|Publication number||US4436057 A|
|Application number||US 06/237,144|
|Publication date||Mar 13, 1984|
|Filing date||Jun 6, 1980|
|Priority date||Jun 15, 1979|
|Also published as||DE3066816D1, EP0038327A1, EP0038327B1, WO1980002868A1|
|Publication number||06237144, 237144, PCT/1980/101, PCT/GB/1980/000101, PCT/GB/1980/00101, PCT/GB/80/000101, PCT/GB/80/00101, PCT/GB1980/000101, PCT/GB1980/00101, PCT/GB1980000101, PCT/GB198000101, PCT/GB80/000101, PCT/GB80/00101, PCT/GB80000101, PCT/GB8000101, US 4436057 A, US 4436057A, US-A-4436057, US4436057 A, US4436057A|
|Inventors||Henry F. Cross, Maurice Harman|
|Original Assignee||Energy Equipment Co. Ltd.|
|Export Citation||BiBTeX, EndNote, RefMan|
|Referenced by (4), Classifications (13), Legal Events (5)|
|External Links: USPTO, USPTO Assignment, Espacenet|
The present invention concerns methods of operating combustors and combustor apparatus; the invention is particularly, but not exclusively, concerned with recovering at least part of the thermal energy normally lost when operating a fluidised bed combustor.
Fossile fuel combustors discharge flue-gases at elevated temperatures (the flue-gases from steam raising boiler plant for example, are normally discharged at a temperature somewhat above the temperature of the steam produced in the boiler) usually via a tall chimney to the atmosphere.
This method of operating produces an air draft which disperses noxious gases and alleviates acid condensate and its corrosive effects. The method does not however prevent atmospheric pollution; and the discharge of hot gases to the atmosphere means that there is a considerable thermal loss from the combustor with the result that the overall operating efficiency of the combustor is lower than would otherwise be the case.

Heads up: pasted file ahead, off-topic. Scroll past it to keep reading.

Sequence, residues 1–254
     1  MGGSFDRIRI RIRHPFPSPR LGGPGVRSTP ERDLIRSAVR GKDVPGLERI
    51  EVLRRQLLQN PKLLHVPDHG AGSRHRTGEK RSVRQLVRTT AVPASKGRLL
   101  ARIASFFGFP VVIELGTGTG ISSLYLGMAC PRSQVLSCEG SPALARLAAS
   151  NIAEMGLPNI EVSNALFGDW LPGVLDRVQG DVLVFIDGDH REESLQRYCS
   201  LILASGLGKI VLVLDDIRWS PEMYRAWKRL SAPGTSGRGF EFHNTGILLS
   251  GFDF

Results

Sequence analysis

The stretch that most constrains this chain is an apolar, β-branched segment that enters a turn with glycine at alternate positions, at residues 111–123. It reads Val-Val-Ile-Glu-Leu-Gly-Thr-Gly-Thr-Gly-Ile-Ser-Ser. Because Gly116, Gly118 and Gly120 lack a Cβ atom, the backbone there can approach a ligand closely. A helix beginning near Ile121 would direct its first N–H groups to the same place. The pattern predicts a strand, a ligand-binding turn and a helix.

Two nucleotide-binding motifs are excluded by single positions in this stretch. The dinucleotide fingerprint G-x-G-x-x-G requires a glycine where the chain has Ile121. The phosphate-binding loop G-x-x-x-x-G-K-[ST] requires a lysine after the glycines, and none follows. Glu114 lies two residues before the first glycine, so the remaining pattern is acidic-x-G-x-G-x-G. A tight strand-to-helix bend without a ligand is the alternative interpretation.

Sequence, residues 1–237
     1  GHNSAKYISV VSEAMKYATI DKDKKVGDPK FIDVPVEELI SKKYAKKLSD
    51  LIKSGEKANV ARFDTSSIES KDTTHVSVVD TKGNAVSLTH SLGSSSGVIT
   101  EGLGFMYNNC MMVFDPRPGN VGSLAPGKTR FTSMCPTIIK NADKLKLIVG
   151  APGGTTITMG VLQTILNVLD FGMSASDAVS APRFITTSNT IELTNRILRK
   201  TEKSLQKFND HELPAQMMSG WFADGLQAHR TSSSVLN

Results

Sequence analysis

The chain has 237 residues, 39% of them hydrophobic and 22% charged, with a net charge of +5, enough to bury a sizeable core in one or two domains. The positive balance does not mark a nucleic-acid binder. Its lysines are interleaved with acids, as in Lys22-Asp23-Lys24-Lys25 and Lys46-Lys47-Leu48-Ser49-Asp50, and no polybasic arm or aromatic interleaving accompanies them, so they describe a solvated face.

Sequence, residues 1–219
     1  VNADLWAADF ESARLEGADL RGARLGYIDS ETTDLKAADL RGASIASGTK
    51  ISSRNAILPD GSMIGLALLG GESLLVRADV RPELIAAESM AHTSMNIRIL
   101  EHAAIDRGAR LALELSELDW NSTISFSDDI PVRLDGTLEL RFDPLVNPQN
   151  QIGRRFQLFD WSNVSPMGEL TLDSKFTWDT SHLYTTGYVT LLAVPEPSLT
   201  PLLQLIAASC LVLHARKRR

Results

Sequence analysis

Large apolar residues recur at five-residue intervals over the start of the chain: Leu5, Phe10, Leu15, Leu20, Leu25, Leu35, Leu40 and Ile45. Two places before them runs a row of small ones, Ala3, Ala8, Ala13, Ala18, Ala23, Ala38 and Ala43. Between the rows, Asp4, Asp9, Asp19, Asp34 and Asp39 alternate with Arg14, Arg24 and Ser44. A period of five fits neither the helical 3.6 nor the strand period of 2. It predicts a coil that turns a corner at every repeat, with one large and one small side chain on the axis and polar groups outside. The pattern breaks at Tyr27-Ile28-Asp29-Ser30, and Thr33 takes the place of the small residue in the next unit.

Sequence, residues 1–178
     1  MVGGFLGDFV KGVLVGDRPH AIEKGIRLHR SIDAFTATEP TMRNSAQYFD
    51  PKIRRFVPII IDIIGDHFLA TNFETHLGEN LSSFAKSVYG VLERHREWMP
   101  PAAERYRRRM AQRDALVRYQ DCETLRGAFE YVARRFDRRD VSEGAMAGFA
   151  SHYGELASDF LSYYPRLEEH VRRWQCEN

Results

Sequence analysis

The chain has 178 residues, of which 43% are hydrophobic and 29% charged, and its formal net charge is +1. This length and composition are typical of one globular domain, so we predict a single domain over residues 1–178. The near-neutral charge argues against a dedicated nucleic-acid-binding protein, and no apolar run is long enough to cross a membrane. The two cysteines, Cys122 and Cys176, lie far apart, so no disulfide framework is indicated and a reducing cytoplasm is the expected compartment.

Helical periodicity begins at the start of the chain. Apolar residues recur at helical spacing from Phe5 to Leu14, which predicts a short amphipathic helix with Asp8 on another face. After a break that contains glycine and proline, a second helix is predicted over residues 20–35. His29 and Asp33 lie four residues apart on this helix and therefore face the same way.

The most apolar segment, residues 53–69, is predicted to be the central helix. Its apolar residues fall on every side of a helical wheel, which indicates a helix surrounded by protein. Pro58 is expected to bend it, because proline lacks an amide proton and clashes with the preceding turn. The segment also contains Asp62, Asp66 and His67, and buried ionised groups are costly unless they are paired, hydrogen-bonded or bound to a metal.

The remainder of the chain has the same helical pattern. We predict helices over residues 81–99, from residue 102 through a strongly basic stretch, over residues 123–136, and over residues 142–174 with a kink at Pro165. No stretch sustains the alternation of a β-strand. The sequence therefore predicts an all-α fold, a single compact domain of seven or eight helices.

One aspect of the present invention provides a method of operating a fluidised bed combustor including a bed of inert particulate material to which gas is fed to fluidise the bed and support combustion of fuels fed thereto, the method comprising scrubbing with water flue-gas passing from the combustor and subsequently transferring heat from the scrubbing water to the fluidising gas fed to the combustor.
A second aspect of the present invention provides a method of operating a boiler comprising the steps of scrubbing the flue-gas issuing from the boiler with water and using that water to pre-heat the working fluid fed to the boiler.
A third aspect of the present invention provides a fluidised bed combustor including means for passing fluidising gas to a bed of inert particulate material in the combustor, the combustor comprising scrubber means for scrubbing with water flue-gas passing from the combustor and heat transfer means for transferring heat from the water used to scrub the flue-gas to the fluidising gas fed to the bed in the combustor.